- Read David Campany’s essay ‘Safety in Numbness’ (see ‘Online learning materials and
student-led research’ at the start of this course guide). Summarise the key points of the
essay and note down your own observations on the points he raises.
- Look at some of Meyerowitz’s images available online from Aftermath: World Trade
Centre Archive (2006). Consider how these images differ from your own memories of
the news footage and other images of the time. Write a short response to the work
(around 300 words), noting what value you feel this ‘late’ approach has.
- That photography was assumed to be a better medium than television to record the aftermath of 9/11.
- That while the Meyrowittz images were ordered and held together in the exhibition and the book there is a likelihood that history will fragment this and they will find their own way of representing events and that the desired control of this will be lost to time.
- Photography is becoming used more often to document the aftermath of events.
- Photography has inherited a major role as an undertaker to events.
- Photography is assumed to be connected to memory which has developed from mass media using photography to freeze a moment.
- This has cemented the notion that photographs are a snapshot of an instant in history where film has come to represent the now of an event.
- From the 20’s photographers used the advance in technology to be in the moment of an event where the goal was to be in the right place at the right time as things happened. this lasted until the 1970’s when portable video took this mantel
- Today it is rare that photographs break the news, the newspaper is often the only a second wave of the news.
- Cinema developed an Idea of stillness in photography
- In the era of photojournalism the speedy compact camera and the the photographers quick reaction and ability to be in the right place at the right time gave rise to the “Decisive Moment”
- Videography took away this monopoly with stoppable repeatable cheap quick material.
- The announcement of the death of photojournalism he claims are premature as photography had to sketch out a new pace for itself
- He reflects over the history of photojournalism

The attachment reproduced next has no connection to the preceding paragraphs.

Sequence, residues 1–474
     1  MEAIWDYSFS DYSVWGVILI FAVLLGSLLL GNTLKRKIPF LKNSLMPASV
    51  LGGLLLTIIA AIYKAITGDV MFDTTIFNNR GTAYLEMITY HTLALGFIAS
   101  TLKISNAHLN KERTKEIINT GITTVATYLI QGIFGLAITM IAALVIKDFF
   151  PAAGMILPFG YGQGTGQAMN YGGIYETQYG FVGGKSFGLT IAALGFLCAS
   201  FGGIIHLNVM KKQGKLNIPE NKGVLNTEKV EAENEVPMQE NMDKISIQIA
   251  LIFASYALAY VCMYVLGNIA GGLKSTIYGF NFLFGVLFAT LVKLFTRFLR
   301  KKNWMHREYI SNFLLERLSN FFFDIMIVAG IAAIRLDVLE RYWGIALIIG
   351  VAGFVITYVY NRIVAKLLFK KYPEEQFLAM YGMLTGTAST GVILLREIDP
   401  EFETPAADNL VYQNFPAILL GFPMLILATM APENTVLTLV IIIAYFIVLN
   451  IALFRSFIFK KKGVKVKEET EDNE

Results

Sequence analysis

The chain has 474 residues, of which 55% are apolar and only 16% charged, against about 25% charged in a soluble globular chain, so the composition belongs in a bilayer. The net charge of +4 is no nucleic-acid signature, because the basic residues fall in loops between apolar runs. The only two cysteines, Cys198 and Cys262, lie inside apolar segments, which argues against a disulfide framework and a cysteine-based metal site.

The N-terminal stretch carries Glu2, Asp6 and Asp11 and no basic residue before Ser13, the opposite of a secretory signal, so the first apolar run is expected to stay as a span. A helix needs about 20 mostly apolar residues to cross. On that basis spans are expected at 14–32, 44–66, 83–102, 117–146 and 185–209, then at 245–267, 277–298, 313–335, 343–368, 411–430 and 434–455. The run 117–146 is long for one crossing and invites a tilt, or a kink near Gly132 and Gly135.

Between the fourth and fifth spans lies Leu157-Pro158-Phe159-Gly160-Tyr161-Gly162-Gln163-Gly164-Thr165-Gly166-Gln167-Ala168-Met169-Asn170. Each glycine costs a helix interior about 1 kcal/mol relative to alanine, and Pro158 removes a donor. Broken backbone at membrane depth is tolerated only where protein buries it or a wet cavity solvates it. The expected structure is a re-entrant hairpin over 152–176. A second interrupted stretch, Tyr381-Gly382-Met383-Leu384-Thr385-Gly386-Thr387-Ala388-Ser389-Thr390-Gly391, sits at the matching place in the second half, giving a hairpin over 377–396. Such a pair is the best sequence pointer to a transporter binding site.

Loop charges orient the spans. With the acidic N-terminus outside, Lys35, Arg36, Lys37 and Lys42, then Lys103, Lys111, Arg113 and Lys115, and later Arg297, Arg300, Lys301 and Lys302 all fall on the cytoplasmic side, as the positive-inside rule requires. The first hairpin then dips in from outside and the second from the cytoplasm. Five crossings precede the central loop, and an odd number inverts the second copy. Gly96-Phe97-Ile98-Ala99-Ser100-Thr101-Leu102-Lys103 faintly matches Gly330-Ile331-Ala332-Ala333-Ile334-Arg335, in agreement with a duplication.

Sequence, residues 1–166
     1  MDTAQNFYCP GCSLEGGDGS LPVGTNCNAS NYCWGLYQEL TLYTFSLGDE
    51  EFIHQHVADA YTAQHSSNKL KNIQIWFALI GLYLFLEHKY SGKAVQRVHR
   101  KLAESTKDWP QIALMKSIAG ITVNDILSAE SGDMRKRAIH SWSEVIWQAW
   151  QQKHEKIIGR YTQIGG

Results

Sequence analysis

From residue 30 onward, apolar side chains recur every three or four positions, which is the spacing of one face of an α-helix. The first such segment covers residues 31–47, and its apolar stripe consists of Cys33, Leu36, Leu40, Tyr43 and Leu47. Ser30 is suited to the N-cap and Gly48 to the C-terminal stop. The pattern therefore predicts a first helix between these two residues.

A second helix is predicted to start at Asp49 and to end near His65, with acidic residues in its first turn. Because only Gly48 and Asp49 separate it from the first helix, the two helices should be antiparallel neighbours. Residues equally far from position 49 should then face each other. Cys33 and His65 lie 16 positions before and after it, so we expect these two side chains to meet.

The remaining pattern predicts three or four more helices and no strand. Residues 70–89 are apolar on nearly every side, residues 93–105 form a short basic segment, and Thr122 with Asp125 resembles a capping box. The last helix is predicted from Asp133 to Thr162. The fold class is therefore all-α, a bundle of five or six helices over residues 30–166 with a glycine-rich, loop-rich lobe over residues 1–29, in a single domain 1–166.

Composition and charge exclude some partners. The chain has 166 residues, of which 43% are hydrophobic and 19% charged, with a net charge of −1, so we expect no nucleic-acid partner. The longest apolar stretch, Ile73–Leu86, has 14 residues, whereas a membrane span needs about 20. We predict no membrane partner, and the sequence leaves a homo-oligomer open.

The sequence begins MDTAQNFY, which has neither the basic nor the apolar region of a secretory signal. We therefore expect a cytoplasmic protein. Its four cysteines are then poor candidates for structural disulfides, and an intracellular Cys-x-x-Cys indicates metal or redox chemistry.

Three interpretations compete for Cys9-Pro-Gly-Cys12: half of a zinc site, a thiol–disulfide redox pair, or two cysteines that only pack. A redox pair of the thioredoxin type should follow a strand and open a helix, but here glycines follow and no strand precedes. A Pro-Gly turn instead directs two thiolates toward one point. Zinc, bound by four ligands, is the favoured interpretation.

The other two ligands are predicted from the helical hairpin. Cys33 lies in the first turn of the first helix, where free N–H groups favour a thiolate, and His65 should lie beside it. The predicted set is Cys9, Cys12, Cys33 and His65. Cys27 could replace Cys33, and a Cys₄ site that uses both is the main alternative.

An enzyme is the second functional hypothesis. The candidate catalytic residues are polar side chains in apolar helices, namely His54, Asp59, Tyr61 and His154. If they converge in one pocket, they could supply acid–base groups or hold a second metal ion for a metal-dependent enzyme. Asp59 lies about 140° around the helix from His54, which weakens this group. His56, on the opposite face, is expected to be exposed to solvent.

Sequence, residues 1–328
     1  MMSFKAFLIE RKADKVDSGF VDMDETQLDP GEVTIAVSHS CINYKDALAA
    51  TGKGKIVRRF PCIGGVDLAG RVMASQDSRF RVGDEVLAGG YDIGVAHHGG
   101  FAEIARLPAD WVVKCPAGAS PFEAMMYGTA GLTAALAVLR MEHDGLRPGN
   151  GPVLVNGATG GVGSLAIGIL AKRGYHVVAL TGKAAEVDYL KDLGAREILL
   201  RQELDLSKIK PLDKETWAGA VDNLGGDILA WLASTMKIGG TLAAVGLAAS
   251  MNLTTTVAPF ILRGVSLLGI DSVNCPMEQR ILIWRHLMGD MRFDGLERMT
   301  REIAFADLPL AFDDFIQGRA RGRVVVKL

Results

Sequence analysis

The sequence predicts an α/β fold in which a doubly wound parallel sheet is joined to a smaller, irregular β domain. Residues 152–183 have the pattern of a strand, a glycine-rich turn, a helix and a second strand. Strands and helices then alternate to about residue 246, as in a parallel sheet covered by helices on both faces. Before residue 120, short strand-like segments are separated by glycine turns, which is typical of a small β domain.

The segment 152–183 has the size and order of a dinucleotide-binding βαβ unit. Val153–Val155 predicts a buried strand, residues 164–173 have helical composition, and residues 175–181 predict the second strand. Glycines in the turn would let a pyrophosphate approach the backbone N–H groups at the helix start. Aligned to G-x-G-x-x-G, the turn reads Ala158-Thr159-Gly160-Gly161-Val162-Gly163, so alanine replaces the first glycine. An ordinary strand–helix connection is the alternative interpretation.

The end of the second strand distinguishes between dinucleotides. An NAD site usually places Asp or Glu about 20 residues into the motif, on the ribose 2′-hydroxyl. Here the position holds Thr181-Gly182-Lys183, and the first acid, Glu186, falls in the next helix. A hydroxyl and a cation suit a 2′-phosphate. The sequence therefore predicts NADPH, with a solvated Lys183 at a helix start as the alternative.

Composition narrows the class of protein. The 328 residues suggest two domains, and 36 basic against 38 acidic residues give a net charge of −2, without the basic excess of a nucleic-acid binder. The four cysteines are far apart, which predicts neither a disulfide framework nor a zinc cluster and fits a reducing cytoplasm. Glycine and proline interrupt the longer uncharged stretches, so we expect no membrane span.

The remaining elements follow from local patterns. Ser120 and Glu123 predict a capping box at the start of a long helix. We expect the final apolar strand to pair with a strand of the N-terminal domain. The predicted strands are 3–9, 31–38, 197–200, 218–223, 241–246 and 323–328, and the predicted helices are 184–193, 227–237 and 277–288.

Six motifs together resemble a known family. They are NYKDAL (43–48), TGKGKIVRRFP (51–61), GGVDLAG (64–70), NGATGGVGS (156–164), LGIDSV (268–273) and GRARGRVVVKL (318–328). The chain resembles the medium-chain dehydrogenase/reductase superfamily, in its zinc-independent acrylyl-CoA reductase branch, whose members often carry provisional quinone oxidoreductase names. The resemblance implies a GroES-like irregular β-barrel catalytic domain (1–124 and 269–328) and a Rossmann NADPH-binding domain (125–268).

- Vietnam is regarded as the last photographers war
- The Gulf War was described as the first war experienced by simulation using satellite images an missile cameras. Very few photographers covered this conflict.
- After the war lots of photographers went in to cover the aftermath.
- Photography discovered that the sombre quite reflective nature was somewhat seductive in its melancholy
- Today more than half of the photographs used are screen grabs from digital sources
- Two points from this 1. The lines between video and photography are more blurred 2. Photography is finding other roles to fulfil such as the aftermath.
- He reflects that Meyrowitz stated that he was performing an automatic process in which creativity is avoidable and notes that a man with his skill set has a second nature that can’t avoid making beautiful images.
- Late photography has become a vehicle for mass mourning or working through.
- He points out that this kind of mourning can get a bit aestheticized and indifferent.
- he concludes:
Certainly the late photograph is often used as a vehicle for mass mourning or working through (Meyerowitz’ Ground Zero project was produced primarily for New Yorkers). The danger is that it can also foster an indifference and political withdrawal that masquerades as concern. Mourning by association becomes merely an aestheticized response. There is a sense in which the late photograph in all its silence, can easily flatter the ideological paralysis of those who gaze at it with a lack of social or political will to make sense of its circumstance. In its apparent finitude and muteness it can leave us in permanent limbo, obliterating even the need for analysis and bolstering a kind of liberal melancholy that shuns political explanation like a vampire shuns garlic.
If the banal matter-of-factness of the late photograph can fill us with a sense of the sublime, it is imperative that we think through why this might be. There is a fine line between the banal and the sublime, and it is political. If an experience of the contemporary sublime derives from our being caught in a geo-political circumstance beyond our comprehension, then it is a politically reified as much as an aesthetically rarefied one.
Safety in Numbness: Some remarks on the problems of ‘Late Photography’ by David Campany